On this cloudy February day, he went through the marshes of Menlo Park, just inland from Bayfront Expressway, letting the people who live there know that because of the expected inclement weather, local homeless shelters will be, for a short time, opening their doors to all comers, no questions asked.
On days when it's less urgent to speak to all of his clients, Hough takes his time in the marshes, lingering with residents, getting to know them, developing trust, and if and when they're ready, aiding them in the process of accessing available homelessness services. But today, he's moving fast, picking his way along a narrow foot trail that connects the encampments.
Most encampments have only one trail leading in and out, which helps residents feel more secure, Hough explains. Others require bushwhacking to access. One wrong turn takes him through a patch of shoulder-high weeds that's clearly been used as a toilet.
"Anybody home?" Hough asks at one encampment, but receives no response. He leaves his business card wedged in a makeshift chicken-wire fence.
He moves on to the next. The marshland homesteads come in various states of repair, but many are surrounded by sodden debris — old shirts, waterlogged stuffed animals, remains of fires.
"People get pretty inventive," he says. "There are lots of good engineers out here."
In one location, a large hole the size of a small swimming pool had been excavated; someone appeared to have been living there, though a fair amount of water had collected in the bottom. At another encampment, the resident or residents had built a small wooden hut. Most involved some configuration of a tarp or tent as shelter, providing minimal protection from the elements.
On his route, Hough enlists passersby to help: He gives extra business cards to a man on a bike who says he is not homeless but would pass them to his friends who are, and recruits our photographer to explain the message in Spanish to one of the residents.
As he walks along the marshes — with a tall wall blocking a large storage facility on one side and Facebook's gleaming headquarters visible on the other, he talks about what he knows of the clients he works with, and what he has seen of homelessness in Menlo Park.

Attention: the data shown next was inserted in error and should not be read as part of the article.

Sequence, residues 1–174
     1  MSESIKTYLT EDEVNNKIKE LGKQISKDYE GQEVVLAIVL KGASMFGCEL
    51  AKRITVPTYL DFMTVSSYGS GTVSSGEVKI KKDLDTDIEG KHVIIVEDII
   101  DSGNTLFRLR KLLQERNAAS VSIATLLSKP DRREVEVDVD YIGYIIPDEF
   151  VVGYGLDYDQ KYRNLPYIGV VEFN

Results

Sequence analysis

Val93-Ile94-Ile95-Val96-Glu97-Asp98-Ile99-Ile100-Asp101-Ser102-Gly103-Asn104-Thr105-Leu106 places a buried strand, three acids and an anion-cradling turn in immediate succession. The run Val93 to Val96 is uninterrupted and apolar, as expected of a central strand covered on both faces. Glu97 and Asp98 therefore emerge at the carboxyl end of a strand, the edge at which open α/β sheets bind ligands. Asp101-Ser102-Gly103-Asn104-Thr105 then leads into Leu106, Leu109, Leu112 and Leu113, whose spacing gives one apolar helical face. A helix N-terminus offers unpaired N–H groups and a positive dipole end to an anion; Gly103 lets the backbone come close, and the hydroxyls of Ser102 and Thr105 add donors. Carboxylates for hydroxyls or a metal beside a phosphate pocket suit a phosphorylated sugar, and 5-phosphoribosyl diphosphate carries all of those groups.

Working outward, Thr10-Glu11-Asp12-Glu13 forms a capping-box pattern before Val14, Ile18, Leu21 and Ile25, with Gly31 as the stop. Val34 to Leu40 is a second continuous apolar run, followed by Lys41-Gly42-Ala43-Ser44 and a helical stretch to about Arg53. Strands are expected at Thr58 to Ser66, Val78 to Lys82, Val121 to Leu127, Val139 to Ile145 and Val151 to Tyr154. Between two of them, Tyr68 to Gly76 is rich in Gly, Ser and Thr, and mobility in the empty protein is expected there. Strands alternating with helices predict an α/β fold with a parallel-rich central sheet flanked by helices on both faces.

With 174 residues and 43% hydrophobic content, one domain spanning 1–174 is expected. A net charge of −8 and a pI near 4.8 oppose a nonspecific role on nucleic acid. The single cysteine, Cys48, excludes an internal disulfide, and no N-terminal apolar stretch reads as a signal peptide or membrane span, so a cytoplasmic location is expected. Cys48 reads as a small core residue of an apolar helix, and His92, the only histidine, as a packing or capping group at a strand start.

In this city, he explains, unhoused people tend to go to two places: the marshes along Bayfront Expressway, and downtown. During the summer months, some people also set up camp near the San Francisquito Creek bed, he adds.
People have different reasons for why they don't want to leave the marsh, even in bad weather — some don't want to leave their belongings unattended; others have had bad experiences at shelters.
There are three main factors that most often lead people into chronic homelessness: problems with mental health, substance abuse, or long-term disabilities, he says. Among Menlo Park's homeless population, he says, street or illicit drug use is less common than in other areas where he works.
Many of his clients grew up in the area, Hough says. About three in four homeless people in San Mateo County say they became homeless while living in the county, he adds.
His job as a member of LifeMoves' Homeless Outreach Team, he says, is to be aware of all of the homeless people in Menlo Park, connect with the people assigned to his particular caseload, and do what he can to help people who are ready to access support services.
"Our main goal is to make sure nobody's falling through the cracks," he says.
The outreach team he works on is just one of several programs in San Mateo County working to help the county reach its ambitious goal to end homelessness countywide by 2020.
How bad is it?
According to a new report released by the Bay Area Council Economic Institute, the Bay Area has the third-largest homeless population in the country, after the New York City and Los Angeles metropolitan areas. Homeless people number about 28,200, based on point-in-time counts
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